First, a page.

By: Madison Benson
The arguments against the death penalty are numerous and diverse. There are issues of race. For example, since the reinstatement of the death penalty in 1976, 301 Black men have been executed for the murder of white victims, 178 Black men have been executed for the murder of Black victims, and 12 Black men have been executed for the murder of both Black and white victims. Also, after reinstatement of the death penalty, 14 white men have been executed for crimes against Black or Latina women, but 487 white men have been executed for crimes where at least one victim was a white woman. There are issues of gender: of the 1,537 executions since 1976, 864 were male defendants convicted of murdering female victims and 13 were women convicted of murdering male victims. There could be more issues that the statistics do not show, as the FBI chooses not to track information about the sexual orientation or gender identity of victims. There are also issues of mental illness and intellectual disabilities, as was discussed in cases such as Atkins v. Virginia and Hall v. Florida. However, recent coverage of “botched” executions has drawn the public’s attention to yet another issue stemming from capital punishment: method.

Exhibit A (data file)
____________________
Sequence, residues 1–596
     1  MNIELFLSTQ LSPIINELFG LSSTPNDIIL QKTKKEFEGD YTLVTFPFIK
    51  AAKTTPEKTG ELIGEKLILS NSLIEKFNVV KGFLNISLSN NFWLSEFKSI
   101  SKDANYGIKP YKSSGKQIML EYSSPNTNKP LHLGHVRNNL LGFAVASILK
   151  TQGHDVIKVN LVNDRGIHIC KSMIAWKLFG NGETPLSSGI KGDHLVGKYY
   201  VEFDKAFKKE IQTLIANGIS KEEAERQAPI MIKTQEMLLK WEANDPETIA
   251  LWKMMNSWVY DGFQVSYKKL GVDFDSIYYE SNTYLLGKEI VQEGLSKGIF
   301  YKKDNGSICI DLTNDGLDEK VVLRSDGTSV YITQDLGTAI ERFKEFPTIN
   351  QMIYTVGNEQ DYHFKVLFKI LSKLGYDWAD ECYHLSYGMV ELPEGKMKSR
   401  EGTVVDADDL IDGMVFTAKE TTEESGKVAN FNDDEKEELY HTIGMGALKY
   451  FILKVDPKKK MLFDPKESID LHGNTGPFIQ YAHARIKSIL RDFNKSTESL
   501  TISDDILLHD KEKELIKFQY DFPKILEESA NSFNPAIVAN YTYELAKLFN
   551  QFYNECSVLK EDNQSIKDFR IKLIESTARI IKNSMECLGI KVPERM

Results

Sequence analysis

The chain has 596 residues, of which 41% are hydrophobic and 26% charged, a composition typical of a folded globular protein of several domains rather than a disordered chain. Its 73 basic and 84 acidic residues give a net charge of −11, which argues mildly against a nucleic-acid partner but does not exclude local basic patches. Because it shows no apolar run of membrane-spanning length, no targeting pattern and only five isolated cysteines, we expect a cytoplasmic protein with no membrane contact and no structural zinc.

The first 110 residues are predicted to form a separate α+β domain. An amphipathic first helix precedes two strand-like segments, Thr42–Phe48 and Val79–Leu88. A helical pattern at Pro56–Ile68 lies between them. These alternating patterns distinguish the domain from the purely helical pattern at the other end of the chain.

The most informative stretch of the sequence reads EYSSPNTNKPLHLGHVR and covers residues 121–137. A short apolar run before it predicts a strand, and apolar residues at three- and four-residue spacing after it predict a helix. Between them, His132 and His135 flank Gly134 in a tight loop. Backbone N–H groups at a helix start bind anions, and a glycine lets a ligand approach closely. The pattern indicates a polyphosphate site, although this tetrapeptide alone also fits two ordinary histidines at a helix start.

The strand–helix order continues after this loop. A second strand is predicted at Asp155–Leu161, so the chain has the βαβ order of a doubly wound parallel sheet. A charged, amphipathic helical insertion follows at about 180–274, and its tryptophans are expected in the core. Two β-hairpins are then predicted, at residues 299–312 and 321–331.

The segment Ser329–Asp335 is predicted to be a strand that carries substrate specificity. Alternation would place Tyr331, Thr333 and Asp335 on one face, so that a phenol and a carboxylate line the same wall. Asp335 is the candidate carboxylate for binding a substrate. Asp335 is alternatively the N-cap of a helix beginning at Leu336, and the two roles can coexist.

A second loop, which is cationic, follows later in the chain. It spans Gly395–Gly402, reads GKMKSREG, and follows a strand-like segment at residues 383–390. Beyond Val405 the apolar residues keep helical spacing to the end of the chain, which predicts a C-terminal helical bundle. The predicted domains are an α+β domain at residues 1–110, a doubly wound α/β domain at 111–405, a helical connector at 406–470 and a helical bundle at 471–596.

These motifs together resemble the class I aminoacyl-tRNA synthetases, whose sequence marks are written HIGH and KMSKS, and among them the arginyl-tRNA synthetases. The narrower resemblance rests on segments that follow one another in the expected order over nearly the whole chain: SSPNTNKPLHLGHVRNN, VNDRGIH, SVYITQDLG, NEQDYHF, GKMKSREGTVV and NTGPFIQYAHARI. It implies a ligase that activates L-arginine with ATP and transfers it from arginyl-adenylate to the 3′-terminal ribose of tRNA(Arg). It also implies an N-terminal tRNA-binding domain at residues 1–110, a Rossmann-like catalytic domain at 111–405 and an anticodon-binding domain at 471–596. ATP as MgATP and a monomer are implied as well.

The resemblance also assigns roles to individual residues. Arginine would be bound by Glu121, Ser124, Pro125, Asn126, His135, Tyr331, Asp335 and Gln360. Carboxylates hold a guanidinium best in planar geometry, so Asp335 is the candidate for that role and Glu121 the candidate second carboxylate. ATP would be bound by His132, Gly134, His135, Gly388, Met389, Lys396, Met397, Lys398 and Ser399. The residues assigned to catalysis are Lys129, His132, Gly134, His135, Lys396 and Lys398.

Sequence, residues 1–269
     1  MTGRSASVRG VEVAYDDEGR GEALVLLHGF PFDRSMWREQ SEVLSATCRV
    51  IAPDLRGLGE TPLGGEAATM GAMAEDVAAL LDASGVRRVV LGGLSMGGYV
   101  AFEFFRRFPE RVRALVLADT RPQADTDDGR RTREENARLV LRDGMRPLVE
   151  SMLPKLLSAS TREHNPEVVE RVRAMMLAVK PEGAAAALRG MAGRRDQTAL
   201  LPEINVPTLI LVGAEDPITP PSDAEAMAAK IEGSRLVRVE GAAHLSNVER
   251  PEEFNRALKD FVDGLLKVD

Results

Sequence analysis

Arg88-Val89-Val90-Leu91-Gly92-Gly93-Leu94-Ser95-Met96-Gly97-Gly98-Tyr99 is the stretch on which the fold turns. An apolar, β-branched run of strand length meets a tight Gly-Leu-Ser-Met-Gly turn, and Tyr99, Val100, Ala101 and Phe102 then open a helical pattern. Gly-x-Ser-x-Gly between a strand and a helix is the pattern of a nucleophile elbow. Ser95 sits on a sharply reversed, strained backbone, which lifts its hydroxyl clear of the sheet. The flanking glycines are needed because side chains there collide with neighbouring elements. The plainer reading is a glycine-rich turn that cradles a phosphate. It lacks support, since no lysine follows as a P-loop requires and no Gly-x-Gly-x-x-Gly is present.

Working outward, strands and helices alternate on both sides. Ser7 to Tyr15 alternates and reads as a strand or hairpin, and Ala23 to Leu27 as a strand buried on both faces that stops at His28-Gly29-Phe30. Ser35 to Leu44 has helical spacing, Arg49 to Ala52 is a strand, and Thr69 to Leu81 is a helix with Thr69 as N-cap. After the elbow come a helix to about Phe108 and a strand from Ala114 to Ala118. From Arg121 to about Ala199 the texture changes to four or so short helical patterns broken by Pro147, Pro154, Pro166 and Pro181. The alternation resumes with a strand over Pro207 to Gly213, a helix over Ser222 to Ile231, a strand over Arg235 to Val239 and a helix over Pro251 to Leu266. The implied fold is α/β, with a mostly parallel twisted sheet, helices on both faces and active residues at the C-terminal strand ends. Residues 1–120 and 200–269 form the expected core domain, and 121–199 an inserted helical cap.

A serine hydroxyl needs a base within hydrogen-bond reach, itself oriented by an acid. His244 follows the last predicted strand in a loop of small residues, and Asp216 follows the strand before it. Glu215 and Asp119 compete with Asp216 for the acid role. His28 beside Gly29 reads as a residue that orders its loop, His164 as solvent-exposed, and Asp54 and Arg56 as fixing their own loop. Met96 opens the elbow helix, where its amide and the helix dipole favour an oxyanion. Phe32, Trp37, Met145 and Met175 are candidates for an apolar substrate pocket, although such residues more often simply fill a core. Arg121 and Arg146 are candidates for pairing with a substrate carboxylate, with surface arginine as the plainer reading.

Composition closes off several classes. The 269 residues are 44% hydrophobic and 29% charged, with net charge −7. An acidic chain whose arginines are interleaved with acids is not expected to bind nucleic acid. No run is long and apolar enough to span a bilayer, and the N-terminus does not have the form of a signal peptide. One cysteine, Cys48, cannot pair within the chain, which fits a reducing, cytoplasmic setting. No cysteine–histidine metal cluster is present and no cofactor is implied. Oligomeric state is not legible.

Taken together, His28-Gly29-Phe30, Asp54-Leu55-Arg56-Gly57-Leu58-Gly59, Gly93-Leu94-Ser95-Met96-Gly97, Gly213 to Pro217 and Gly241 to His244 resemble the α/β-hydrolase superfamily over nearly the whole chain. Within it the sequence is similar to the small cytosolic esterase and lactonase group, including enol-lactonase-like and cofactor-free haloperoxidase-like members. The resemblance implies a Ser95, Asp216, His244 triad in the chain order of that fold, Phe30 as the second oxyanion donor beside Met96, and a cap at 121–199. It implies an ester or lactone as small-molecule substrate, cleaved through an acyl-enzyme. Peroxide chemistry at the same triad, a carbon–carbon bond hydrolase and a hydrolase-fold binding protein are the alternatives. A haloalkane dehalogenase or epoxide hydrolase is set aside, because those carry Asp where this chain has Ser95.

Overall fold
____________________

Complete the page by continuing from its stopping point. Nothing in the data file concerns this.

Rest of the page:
Numerous methods of execution have been tried and adopted over the years. Early on, hanging was the primary method of execution, and executioners took steps to ensure the death was as quick as possible. In the late 1800s, the first person was executed via electric chair. Thought to be more humane than hanging, a person is shaved, strapped to a chair, blindfolded (so the witnesses do not see the eyes pop out), and then electrocuted at high voltage for 30-second increments until they die. Other bodily reactions can also occur, such as skin swelling and splitting from pressure, the dispelling of bodily fluids, and occasionally the person can catch fire during the process. Starting in the 1920s, execution by gas chamber became a common alternative and was seen by some as a “more humane” method. However, evidence shows that this method was likely just as, if not more, painful as the other methods. The person being executed via cyanide gas chamber dies because their brain is deprived of oxygen and the pain and anxiety is described as being comparable to having a heart attack. Now, most jurisdictions use lethal injection as the primary means of executionand all thirty-two jurisdictions who have the death penalty have it as an option. This method is essentially a medical procedure, but doctors are forbidden from administering the drugs, so the injections are not always performed by medical professionals. In several cases, the executioner struggled to find veins, leaving the person with multiple puncture marks. In other cases, the person has visibly struggled to breathe and clearly suffered pain during the process. In 2014, Clayton Lockett was conscious when the drugs which would kill him were administered in the Oklahoma prison. As a result, Lockett began writhing in pain after the injection and was not pronounced dead for forty-three minutes. In 2014, Joseph Wood III gasped for air for nearly two hours before he was pronounced dead in Arizona. Just weeks ago, in October 2021, John Marion Grant vomited and convulsed for several minutes after the first injection during his execution in Oklahoma.